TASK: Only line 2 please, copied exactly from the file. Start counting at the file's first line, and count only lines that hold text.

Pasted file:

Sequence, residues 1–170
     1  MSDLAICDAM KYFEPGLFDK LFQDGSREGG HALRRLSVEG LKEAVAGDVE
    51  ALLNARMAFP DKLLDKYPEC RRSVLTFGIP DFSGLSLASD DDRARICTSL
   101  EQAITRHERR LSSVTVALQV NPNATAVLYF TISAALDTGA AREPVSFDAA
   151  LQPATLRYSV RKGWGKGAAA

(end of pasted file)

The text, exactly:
     1  MSDLAICDAM KYFEPGLFDK LFQDGSREGG HALRRLSVEG LKEAVAGDVE